Gay bishop attacks Catholic stand

The first openly gay Anglican bishop, Gene Robinson, has called for the Roman Catholic church's attitude to homosexuals to be confronted. The Bishop said the Vatican's ban on ordaining gay men was "vile". He continued: "I find it so vile that they think they are going to end the child abuse scandal by throwing out homosexuals from seminaries.

Would they or wouldn't they?

Brazil came to a virtual standstill on Friday night to find out the answer to the question that had obsessed the country: Would the soap opera America deliver the country's first televised homosexual kiss? In the event, it did not. But in the wake of a TV program that reportedly drew a larger audience than the last World Cup final, no-one is willing to take the blame for disappointing viewers.

Gory burger posters target young

Gory (covered with blood) images of burger rolls filled with bones and gristle are to appear across the UK to shock children into improving their diets and help fight obesity. The British Heart Foundation's posters show common ingredients found in many burgers, chicken nuggets and hot dogs. The Food4Thought campaign follows a survey by the charity showing 36% of eight to 14-year-olds did not know the main ingredient of chips was potato. The BHF will also take a "policy pizza" to Tony Blair calling for more action. The charity wants to deliver the list of actions it wants taken to boost children's health. It includes calls for the marketing of unhealthy food and drink to be stopped.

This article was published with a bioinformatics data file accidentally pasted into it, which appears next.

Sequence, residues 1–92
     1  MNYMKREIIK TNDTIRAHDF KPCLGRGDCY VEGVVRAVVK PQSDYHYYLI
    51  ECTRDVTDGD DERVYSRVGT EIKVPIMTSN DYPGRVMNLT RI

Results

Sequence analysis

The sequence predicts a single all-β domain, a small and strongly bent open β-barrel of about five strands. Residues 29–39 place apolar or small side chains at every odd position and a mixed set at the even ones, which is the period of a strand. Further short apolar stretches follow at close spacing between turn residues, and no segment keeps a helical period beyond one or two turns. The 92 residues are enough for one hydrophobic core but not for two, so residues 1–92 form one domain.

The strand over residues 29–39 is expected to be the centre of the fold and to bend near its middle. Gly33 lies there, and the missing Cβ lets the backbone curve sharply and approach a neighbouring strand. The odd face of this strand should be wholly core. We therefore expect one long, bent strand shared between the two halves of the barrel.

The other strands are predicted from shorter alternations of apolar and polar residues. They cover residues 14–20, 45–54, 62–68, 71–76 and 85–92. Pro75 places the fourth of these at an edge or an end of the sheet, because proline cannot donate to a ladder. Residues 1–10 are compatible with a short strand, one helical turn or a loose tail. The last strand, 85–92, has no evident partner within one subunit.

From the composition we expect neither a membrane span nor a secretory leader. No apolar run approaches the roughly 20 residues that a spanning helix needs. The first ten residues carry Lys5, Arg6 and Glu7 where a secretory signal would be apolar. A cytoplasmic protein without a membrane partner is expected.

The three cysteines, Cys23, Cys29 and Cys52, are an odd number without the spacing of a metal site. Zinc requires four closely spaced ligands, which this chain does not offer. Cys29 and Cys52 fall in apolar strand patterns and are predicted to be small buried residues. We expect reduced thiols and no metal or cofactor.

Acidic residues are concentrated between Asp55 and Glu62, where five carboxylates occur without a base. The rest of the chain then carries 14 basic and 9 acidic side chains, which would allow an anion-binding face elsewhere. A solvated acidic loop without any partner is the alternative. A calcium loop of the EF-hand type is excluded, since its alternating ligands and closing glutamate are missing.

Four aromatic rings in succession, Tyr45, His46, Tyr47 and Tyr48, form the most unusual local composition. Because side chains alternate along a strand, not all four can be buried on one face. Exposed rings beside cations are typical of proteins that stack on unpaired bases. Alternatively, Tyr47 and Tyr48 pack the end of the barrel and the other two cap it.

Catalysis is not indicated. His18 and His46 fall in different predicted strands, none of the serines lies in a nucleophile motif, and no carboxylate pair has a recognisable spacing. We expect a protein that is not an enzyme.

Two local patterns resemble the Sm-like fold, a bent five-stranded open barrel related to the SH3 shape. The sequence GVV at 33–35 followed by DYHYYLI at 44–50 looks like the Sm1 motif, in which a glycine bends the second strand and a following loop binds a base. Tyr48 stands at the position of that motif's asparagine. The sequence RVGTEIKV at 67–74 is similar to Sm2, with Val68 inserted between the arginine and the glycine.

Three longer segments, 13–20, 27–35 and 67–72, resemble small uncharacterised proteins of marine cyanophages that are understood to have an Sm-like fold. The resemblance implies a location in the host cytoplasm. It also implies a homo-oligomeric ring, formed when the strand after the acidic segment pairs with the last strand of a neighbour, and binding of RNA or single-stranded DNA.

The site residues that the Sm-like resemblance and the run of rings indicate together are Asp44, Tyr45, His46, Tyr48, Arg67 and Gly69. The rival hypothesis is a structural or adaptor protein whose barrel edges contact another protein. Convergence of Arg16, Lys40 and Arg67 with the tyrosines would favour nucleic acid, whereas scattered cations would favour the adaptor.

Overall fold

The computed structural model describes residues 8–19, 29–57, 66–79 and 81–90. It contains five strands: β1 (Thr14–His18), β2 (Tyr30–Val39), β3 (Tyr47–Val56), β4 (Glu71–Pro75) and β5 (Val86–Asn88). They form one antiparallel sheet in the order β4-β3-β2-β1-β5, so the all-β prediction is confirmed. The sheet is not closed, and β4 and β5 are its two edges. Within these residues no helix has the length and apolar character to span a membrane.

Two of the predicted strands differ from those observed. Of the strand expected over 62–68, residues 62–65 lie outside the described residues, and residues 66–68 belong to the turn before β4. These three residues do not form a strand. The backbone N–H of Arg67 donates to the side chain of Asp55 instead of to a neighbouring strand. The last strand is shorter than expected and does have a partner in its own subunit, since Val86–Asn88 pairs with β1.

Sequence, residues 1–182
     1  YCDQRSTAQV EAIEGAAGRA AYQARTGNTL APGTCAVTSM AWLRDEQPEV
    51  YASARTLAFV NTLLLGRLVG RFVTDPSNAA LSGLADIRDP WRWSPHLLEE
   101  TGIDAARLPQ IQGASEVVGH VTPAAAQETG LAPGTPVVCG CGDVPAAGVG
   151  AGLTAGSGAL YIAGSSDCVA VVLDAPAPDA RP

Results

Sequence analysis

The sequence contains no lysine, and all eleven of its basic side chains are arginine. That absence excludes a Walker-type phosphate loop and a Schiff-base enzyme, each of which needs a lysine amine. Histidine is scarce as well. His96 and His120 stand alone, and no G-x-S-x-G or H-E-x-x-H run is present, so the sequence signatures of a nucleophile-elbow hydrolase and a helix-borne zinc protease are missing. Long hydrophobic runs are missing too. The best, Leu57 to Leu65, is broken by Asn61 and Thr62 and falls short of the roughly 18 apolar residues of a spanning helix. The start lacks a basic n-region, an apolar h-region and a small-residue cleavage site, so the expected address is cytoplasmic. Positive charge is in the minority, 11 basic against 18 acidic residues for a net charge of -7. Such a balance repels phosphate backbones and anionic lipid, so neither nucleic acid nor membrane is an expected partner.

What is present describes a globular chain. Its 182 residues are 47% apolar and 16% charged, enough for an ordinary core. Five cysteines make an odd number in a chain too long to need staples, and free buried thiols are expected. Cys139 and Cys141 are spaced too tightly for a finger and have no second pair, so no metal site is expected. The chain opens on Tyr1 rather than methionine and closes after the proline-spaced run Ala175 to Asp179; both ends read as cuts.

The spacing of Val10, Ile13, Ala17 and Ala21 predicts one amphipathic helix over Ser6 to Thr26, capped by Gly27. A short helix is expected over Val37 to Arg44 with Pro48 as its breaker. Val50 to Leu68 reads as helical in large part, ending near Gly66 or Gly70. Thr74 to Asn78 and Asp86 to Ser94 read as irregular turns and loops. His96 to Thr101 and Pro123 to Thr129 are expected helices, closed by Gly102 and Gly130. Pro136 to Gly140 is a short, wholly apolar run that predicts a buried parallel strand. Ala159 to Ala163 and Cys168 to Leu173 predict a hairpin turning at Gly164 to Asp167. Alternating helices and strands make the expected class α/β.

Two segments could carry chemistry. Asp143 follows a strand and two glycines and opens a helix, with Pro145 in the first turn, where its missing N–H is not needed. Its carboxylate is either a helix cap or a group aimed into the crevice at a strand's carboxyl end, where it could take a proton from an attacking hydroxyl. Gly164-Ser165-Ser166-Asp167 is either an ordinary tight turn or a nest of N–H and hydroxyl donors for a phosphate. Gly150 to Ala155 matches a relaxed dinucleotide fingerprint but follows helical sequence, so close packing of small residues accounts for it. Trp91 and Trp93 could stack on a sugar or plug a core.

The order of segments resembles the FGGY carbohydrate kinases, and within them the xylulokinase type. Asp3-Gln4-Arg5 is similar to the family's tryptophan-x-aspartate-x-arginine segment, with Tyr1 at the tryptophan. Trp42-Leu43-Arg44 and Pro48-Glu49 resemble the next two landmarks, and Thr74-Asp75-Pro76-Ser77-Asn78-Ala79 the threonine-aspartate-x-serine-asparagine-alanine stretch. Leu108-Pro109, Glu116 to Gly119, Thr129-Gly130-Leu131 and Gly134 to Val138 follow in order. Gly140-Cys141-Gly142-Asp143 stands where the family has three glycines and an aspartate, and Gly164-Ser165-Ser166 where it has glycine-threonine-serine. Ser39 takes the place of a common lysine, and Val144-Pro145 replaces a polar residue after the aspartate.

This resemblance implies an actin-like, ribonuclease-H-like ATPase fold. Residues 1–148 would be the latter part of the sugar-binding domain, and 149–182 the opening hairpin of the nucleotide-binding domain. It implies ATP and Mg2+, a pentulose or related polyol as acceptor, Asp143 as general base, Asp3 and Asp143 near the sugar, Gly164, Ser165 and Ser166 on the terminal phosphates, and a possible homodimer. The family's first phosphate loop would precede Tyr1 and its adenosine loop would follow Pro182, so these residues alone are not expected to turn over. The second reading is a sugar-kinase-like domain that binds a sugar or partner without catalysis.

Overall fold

Last week budget airline Ryanair announced it was planning to allow its passengers to gamble during flights. The company said the move could eventually do away with the need to charge airfares.

Woman auctions home - and herself

A US woman selling her house in Denver, Colorado over the internet has decided to throw in a little extra - herself. The house is 95 years old. The bride who comes with it is 48. Deborah Hale, a jewellery designer who runs her own business, says she set up her House with Bride website because she "had not met that special someone to share this house with". She is asking $600,000 for the house and furnishings. She herself is "priceless", she says many of her girlfriends advised her.

Bush Orders Ethics Training for White House Aides

Bush has ordered all White House officials to take part in an ethics training program. The classes are to include instructions for handling classified information. Bush's directive comes after top White House aide I. Lewis Libby was indicted on charges of lying to a grand jury about a leak that revealed the name of a CIA operative.

Coke ditches three flavors in US

Global drinks giant Coca-Cola is to end sales of three flavors in the US by the end of 2005. Vanilla Coke, Vanilla Diet Coke and Diet Coke With Lemon are to be replaced by Diet Black Cherry Vanilla Coke and Black Cherry Vanilla Coke in the US. Coke said cherry flavored drinks sales were up, as were low-calorie ones. The firm said Vanilla Coke, introduced in the US in 2002, and Diet Vanilla Coke in 2003, may return in future.

  • Daily Press Review